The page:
Faith, family and basketball: The story of Arkansas Razorbacks prized recruit Derrian Ford

By Nate Olson | Photos by Jimmy Jones

MAGNOLIA — The calendar has just flipped to August and even before noon it is already hot — the kind of heat you’d expect in South Arkansas in the throes of late summer. Hot and humid. The heat index will be well over 100 degrees. 

But there is Derrian Ford standing outside of Magnolia’s Southview Church of Christ, clad in Western-style blue jeans, cowboy boots and a tucked-in tie-dyed T-shirt displaying the word ‘FAITH,’ welcoming parishioners with a big smile, not even breaking a sweat. 

Once inside, the long, lean Ford, who looks to be chiseled from granite, leads the service and sings in front of a congregation that is around 100 strong but is spaced out in the church gym because of COVID-19 regulations. A group of two elderly women and a man sit to his right and hang on his every word.

His father, Darnell Ford, sits adjacent to the pulpit and shouts words of encouragement.

“That’s right!”  

“Amen to that!” 

“Yessir, yessir!

It’s easy to see that Derrian Ford doesn’t just go to church, he is a big part of it — even at 17. 

That’s how he’s known between these walls of the church — little Derrian Ford, who came up in the church and is already a respected leader. A kid who reads his Bible every day, prays multiple times a day and is home by sundown most nights, unless he’s at the gym. 

Because the gym is the only place he’s spent more time than the church house is why you know him. Well, the gym and the weight room. Ford is a basketball prodigy ranked No. 68 among senior recruits in the country by ESPN and a University of Arkansas signee. His Magnolia High School team won a Class 4A state championship his freshman year and was a co-champion his sophomore season, when the title game was canceled because of the pandemic. Last year, the Panthers’ streak of 54 wins came to an end when Morrilton beat Magnolia in the Class 4A semifinals.

Ford is a college coach’s dream, and perhaps seemingly too good to be true: a man of faith, a 4.0 student with a body (6-foot-4, 200 pounds) built to play strong safety with NBA skills. 

“A coach’s dream is one way to put it, and there are not enough boxes on the sheet to check for him,” said Ben Lindsey, who is in his third season as the Magnolia head coach. “Until you’ve coached him, you really don’t understand. People that see him around town or (the media), you only get to see a glimpse of him. I get to see it every day and what he’s like as a person and as a leader.”

It’s a blueprint Darnell Ford, a former small-college basketball player, has developed since Derrian could walk. 

Faith and family

Darnell Ford, 53, and Marc Ford, 48, grew up together in the small, rural town of Plain Dealing, La., in the Bossier City-Shreveport area in the northern part of the state. When Darnell was 13, his father, who was dealing with an illness, died on the operating table during a surgical procedure.

“We were walking home from school and a guy told us before we could hear it from our mom,” Darnell said.

That left Bettie Ruth Ford to raise her sons alone while working at a burger restaurant and making just $75 per week, according to Darnell.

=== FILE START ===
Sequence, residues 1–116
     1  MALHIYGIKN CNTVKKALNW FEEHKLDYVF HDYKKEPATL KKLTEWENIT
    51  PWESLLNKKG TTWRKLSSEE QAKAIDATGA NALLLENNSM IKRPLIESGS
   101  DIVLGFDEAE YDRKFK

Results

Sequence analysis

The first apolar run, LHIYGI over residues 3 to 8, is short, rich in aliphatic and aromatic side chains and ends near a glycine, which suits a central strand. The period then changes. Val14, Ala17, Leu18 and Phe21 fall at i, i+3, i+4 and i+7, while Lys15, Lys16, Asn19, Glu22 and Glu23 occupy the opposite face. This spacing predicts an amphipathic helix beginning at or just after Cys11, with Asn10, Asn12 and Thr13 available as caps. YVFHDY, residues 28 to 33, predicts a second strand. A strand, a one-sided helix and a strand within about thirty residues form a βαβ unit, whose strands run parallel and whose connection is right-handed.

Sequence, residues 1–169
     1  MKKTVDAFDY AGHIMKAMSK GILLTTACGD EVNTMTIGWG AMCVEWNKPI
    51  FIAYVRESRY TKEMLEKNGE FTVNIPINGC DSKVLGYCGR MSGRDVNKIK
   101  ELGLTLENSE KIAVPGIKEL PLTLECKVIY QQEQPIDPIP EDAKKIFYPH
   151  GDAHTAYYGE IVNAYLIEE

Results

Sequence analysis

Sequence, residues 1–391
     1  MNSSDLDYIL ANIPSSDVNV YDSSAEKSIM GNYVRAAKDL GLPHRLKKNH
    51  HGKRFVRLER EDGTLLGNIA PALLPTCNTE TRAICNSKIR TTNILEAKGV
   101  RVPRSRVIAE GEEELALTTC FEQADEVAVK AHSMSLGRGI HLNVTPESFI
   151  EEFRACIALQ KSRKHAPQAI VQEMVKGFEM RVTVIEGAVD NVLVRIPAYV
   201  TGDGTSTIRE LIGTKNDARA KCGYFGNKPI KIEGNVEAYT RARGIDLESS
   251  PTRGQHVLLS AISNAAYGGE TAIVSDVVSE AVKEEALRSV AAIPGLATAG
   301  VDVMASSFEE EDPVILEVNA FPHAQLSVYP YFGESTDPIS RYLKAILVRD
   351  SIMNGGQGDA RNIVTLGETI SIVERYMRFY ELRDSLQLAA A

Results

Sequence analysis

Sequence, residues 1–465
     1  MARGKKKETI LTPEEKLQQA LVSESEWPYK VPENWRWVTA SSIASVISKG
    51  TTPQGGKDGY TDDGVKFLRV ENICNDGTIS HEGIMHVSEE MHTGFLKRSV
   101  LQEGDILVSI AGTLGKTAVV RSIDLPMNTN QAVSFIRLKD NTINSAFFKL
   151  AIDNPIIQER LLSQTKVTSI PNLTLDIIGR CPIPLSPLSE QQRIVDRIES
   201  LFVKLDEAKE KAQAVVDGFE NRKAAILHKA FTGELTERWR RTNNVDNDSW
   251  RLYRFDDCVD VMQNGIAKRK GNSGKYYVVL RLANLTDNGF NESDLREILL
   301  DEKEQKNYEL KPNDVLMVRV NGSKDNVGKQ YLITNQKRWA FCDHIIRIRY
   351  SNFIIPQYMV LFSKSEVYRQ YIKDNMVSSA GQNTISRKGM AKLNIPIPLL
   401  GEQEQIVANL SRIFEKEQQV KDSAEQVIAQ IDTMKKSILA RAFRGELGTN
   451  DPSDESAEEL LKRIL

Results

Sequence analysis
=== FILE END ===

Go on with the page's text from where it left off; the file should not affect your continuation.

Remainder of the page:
“One day, right after my dad died, we were walking, and (Bettie Ruth) told us to hug and tried to pull us apart,” Marc Ford said. “She said, ‘Don’t ever let go, always stick together.’ We’ve been doing that ever since.”

At night, both boys would walk to the restaurant to help their mom take out the trash. The owner would reward them with burgers, and the two would take their time walking back home on a trail in the woods while eating. Bettie Ruth would arrive at the house later, sometimes riding with a local policeman since she didn’t own a car. 

“We didn’t have much, but we were always thankful for what we had and thankful for her,” Darnell said. “I remember one Christmas, we each got a jacket and a 10-speed (bike), and we were happy with that. But those times made us appreciate what we have now. There are 30 or 40 presents under the tree now. We will never forget those times or how hard she worked for us.”

The Ford boys grew to be great athletes. Darnell excelled as a point guard. Marc played point guard and defensive back. 

Darnell enrolled at Magnolia’s SAU Tech junior college and then became an honorable mention all-conference basketball player at Southern Arkansas University, also in Magnolia, an NAIA program at the time. SAU won a conference title his first season.

Marc joined his brother at SAU, but after one football practice, he left.

“He had football practice and I had basketball, and I came back and he wasn’t there,Darnell said. “Some of the guys said he was gone. I said, ‘Gone where?’ They said, ‘Gone home.

Marc went to work for Steel Forgings in Shreveport and has been there for 27 years. He is currently a press operator producing fittings for oil pipelines. 

Bettie Ruth died in 1999, leaving the brothers to lean on each other a little more. They talk every day around 6 a.m., when Marc is already at work and his older brother is waking up.

When Derrian was in middle school, his immediate family moved to Houston for a short time. Their time away was hard on Marc.

“That was like someone punched me in the gut,” Marc said. “(Darnell) called me and said they were coming home. I was so happy. I was so excited, I left work.”